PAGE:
From other documents available on the Modern Medicine website, the bond ratings of the hospital have been downgraded, and the hospital was late in making a required report to the bondholders. The Huron consulting group has been retained to help bail the hospital ot of its difficult position. This is the same group that was retained by Jewish Hospital here in Lousiville.

Getting better yet?
In a summary of operations covering last three months of 2013, operating income continued to fall, as did admissions, patient days, and total surgical procedures. It is not clear to me that they have turned a corner yet.

The hospital and its community deserve better.
In its report to its bondholders yesterday, KDMC makes a good effort to put the best light on matters. It stresses the 5-star and various Top-Heart-Hospital ratings it has received, but then again, St. Joseph London Hospital had similar ratings and its invasive cardiac program is rapidly collapsing. I have written much about such ratings and expressed my concerns that they are not measuring things that are the most important, or doing so reliably. Many things are measured, but whether cardiac or any other procedures are medically necessary is not one of them– and that is what is at issue at KDMC. In my opinion, King’s Daughters would do well not to brag about past cardiac glory. I believe it needs to swallow its pride and demonstrate that it can earn its stripes all over again.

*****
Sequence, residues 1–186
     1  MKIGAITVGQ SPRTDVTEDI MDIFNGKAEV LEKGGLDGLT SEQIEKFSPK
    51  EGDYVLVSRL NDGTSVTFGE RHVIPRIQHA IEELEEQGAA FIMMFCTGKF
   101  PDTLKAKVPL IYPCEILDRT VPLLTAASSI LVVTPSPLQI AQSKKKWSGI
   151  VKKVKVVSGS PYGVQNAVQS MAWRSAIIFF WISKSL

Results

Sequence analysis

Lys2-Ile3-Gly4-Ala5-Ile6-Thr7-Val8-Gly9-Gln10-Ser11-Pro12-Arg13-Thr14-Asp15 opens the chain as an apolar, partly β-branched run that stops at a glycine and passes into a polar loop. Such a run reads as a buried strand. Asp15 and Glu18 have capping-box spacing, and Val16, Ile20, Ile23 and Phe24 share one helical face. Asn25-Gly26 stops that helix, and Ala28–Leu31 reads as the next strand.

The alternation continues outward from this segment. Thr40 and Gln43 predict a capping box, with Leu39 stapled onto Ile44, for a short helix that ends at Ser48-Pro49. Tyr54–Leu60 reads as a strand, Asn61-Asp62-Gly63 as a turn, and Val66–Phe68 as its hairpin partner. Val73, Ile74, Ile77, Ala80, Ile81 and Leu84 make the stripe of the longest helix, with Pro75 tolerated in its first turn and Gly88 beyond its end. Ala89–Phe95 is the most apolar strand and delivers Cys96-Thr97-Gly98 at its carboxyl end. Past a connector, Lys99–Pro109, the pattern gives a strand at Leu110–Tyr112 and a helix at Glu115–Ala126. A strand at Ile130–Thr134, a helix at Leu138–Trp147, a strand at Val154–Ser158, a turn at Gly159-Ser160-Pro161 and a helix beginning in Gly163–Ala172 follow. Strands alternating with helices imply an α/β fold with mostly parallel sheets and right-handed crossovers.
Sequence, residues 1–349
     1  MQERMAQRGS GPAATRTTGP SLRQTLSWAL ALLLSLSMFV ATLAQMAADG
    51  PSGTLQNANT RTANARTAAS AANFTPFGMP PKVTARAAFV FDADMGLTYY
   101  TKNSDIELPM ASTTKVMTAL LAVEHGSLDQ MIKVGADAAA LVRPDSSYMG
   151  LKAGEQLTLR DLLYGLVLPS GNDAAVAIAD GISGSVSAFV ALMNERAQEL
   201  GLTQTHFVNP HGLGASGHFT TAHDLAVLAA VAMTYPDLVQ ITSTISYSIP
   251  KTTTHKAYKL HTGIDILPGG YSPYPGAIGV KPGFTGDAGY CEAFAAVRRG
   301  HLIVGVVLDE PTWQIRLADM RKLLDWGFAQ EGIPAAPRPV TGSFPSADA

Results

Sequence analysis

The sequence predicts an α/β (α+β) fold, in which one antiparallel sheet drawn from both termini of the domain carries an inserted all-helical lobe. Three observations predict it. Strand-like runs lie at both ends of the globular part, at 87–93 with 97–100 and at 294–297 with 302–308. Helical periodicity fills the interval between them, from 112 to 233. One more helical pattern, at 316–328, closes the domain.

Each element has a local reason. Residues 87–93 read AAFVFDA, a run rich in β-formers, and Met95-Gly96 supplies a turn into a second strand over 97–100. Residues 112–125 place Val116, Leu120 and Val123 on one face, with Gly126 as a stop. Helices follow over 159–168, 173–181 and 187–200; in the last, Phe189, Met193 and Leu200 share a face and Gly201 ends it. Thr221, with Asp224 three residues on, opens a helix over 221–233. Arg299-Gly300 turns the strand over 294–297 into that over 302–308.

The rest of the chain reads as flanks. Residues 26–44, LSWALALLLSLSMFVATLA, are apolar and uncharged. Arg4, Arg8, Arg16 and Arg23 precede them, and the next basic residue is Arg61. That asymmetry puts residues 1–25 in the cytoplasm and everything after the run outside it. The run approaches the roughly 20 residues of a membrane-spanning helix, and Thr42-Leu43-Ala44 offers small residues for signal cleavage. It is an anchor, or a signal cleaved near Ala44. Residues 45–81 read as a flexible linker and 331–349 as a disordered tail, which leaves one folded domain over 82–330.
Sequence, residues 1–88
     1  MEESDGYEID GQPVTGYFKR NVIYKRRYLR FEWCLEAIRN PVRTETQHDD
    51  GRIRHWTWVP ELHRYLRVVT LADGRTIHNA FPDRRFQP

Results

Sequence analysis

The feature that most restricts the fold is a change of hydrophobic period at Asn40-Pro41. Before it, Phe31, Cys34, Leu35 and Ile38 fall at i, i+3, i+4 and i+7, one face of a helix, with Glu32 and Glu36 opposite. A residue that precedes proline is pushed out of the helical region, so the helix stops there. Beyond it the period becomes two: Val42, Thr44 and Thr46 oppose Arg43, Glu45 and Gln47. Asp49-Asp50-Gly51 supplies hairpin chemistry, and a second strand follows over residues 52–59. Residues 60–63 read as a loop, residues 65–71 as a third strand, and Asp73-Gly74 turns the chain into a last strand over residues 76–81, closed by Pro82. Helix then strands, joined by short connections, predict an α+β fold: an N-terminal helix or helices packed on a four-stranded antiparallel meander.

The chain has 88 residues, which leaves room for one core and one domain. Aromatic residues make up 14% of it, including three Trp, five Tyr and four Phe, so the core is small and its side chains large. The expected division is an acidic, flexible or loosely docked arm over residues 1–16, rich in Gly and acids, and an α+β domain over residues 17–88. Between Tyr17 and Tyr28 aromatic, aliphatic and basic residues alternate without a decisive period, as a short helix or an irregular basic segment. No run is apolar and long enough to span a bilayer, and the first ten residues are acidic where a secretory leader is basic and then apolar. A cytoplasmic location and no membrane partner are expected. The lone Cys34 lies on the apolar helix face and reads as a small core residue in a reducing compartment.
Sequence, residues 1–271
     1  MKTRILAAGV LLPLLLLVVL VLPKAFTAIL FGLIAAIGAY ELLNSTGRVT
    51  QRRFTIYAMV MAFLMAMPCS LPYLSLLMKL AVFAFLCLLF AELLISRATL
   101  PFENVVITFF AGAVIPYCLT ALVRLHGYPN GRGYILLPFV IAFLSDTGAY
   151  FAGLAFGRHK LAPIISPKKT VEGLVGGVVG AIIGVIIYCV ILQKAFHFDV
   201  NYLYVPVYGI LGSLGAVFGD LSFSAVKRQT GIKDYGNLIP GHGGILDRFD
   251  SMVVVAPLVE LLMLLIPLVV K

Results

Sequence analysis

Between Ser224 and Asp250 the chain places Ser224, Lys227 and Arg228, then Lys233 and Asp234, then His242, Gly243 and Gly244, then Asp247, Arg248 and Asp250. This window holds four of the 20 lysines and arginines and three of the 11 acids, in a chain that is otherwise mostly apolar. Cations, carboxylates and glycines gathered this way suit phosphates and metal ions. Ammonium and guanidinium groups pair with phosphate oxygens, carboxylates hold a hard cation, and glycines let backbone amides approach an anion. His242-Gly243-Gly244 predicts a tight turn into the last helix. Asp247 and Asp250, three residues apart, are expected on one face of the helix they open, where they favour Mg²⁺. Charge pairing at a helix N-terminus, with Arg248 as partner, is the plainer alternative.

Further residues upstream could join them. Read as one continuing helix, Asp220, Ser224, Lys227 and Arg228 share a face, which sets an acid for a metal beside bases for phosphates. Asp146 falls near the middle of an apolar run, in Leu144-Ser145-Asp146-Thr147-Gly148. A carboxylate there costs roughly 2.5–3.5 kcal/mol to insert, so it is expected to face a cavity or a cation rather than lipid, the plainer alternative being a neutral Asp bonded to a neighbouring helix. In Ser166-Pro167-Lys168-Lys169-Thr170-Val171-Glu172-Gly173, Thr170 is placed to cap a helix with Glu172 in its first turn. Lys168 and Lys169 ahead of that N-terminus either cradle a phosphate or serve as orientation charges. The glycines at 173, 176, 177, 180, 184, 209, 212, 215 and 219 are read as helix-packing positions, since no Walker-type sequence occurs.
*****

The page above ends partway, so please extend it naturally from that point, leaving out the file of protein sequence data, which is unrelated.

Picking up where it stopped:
There are many other clinical things at the hospital that seem to be going well. The hospital deserves to have the air around it cleared of any undeserved allegations, but given what has been made available after other settlements and investigations that I have been following, that is not likely to happen for some time.

King’s Daughters Hospital serves a part of our state that faces a myriad of socio-economic disadvantage. Many people and employees depend on its success. It will have a difficult row to hoe for a while.

As always, if I have made an error of fact or interpretation, please let me know.

Peter Hasselbacher, MD
President, KHPI
Emeritus Professor of Medicine, UofL
March 26, 2014

One thought on “Major Settlement Between King’s Daughters Hospital and U.S. Department of Justice.”

  1. I attempted to get a copy of the settlement. I was informed by the Office of the Inspector General in Kentucky’s Medicaid division that details could not be released because the settlement hasn’t been finalized yet. Similarly, the hospital had nothing to release at this time. If I were smarter, I would have noticed that the language in the financial audit said that the parties had only “reached an agreement to settle.”

    Perhaps the only good thing to come out of the scandals is that hospitals in Kentucky and elsewhere will use them as “learning opportunities” to change their business models of providing health services. Maximizing revenue is not a medically indicated or desirable end in-and-of itself. We are not making widgets here!